*S*

_{1212}:

This scheme requires additional numerical effort on the micro-scale model but ultimately leads to a reduction of time required to solve the macroscopic finite element problem due to faster convergence of the Abaqus model.

### RVE characteristics

The choice of the three-phase RVEs, including fiber, interface, and matrix, created to represent the microstructure of ceramic matrix composites (CMCs) is based on observations from experiment; however, the approach developed here is not limited to these types of materials. Two-phase (polymer matrix composites) or one-phase material (pure matrix) RVEs for example are possible and can be used. The objective here is to demonstrate that RVE features are an integral part of developing physics-based multi-scale strategies that fall within the realm of predictive science.

## Crack band failure model

*ε*

^{′}is the maximum principle strain and

*ε*

_{cr}is the strain to failure of the material and assumed to be a material parameter. The crack band failure method falls into the category of approaches that smear the effect of a sharp crack over a finite volume, leading to a practically useful, yet robust approach to preserve mesh objectivity. This is because the characteristic material length is embedded within the formulation of the crack band model. Thus, cracks are not explicitly modeled within an element but rather incorporated in the element constitutive law. In this work, it is assumed that after crack growth has been initiated the stiffness of the element is reduced according to a traction separation law that dissipates energy while preserving the energy release rate. In most numerical applications, the current secant stiffness is chosen such that the tractions will follow the details of the traction-separation law shown in Figure 5, where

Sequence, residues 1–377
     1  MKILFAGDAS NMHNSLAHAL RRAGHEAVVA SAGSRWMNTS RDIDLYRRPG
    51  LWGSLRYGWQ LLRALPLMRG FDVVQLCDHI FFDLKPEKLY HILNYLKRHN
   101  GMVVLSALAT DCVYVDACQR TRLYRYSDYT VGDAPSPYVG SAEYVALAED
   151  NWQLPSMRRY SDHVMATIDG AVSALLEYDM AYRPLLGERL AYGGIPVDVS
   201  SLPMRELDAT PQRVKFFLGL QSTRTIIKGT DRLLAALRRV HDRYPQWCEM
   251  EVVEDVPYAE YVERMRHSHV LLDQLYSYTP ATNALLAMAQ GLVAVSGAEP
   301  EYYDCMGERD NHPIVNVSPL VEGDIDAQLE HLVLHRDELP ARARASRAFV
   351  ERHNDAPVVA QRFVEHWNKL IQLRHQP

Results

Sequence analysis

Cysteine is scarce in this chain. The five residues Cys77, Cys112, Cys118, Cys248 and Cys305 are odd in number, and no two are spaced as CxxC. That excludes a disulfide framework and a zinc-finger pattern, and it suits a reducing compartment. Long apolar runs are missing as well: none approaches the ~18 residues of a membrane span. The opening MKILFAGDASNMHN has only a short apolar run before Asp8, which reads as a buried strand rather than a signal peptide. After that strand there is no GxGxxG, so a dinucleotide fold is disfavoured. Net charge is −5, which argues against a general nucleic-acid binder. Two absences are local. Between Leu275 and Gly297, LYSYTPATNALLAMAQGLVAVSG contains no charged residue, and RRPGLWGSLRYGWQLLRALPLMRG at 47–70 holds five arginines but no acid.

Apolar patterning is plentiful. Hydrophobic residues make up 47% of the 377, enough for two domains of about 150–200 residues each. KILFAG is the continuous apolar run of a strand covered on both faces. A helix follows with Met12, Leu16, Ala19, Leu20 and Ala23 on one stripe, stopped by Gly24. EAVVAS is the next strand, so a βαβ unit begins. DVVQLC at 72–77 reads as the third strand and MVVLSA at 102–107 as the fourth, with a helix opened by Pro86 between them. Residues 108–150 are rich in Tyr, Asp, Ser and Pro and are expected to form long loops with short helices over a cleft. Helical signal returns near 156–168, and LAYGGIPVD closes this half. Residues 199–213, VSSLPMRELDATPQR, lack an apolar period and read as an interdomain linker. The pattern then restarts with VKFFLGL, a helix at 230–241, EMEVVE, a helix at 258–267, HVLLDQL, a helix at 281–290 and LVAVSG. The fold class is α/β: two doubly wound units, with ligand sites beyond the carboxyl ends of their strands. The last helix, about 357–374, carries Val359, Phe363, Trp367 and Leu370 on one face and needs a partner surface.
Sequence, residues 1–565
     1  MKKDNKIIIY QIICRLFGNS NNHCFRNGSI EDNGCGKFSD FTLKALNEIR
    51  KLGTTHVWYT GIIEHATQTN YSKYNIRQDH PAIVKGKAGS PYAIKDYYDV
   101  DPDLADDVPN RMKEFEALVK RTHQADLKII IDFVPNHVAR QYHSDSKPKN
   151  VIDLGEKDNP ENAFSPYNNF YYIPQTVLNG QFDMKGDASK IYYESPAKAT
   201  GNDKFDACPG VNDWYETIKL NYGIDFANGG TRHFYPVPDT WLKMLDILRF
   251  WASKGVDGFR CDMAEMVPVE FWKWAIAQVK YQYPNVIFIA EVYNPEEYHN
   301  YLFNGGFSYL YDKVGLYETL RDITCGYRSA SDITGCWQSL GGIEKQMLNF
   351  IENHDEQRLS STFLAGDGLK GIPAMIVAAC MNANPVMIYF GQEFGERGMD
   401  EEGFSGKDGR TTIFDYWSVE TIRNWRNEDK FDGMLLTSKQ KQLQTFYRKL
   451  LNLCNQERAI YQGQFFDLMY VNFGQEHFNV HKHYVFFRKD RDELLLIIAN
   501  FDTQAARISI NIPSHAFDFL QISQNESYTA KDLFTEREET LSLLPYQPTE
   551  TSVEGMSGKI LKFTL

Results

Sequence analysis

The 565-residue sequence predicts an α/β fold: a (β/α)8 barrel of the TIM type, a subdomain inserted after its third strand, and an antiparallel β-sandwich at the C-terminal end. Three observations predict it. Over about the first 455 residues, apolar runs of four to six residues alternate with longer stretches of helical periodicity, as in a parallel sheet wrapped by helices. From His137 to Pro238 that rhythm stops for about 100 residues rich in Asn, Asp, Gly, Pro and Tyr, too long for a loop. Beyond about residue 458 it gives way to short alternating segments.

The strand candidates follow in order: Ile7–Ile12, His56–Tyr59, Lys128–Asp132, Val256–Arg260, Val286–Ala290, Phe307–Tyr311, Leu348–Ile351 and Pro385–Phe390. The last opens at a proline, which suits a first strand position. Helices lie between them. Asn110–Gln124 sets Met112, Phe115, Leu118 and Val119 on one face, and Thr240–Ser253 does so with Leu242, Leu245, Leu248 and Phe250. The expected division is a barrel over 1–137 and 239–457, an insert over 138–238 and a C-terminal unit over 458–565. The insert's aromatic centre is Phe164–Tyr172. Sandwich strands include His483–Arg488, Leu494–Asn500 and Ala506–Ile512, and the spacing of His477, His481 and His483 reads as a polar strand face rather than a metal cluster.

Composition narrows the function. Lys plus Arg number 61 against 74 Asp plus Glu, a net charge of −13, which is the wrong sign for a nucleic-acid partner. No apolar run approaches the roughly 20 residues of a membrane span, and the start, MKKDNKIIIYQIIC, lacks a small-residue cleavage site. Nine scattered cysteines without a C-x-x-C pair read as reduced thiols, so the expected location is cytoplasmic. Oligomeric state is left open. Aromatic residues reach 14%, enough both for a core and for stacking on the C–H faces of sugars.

*σ*is the normal traction and

*δ*is the crack opening. In this study, a triangular traction-separation law is employed. The area under the mode I traction-separation law corresponds to the mode I fracture toughness (

*G*

_{ IC }) of the material, while the energy release rate

*G*

_{ I }is defined as:

*ε*

_{cont}represents the continuum strain of the element and

*ε*

_{cr}represents the additional smeared strain which results due to cracking. One can rewrite Equation 16 for a linear elastic isotropic material in the principal frame as:

*σ*

_{11}and

*ε*

_{11}are written in the local crack coordinate system.

*E*denotes the undamaged Young’s modulus in the principle frame. A fracture scalar variable

*D*(0≤

*D*≤1) is introduced which corresponds to zero if damage has not initiated.

*D*is set to one if

*ε*

_{11}exceeds

*ε*

_{ f }, when the element has failed catastrophically and no load can be transferred normal to the crack direction.

*D*can be determined from the stress-strain relation in Figure 6:

*D*can be calculated as:

*x*-,

*y*-,

*z*-coordinate system:

*T*is given as

where *n*
_{1},*n*
_{2},*n*
_{3} are the principal strain directions and *e*
_{1},*e*
_{2},*e*
_{3} are the unit basis vectors.

### Characteristic length scale

*h*, which is the length over which the crack opening is ‘smeared’ in order to define the effective strain due to cracking, as shown in Figure 6. Independent of the element size, the critical energy release rate, G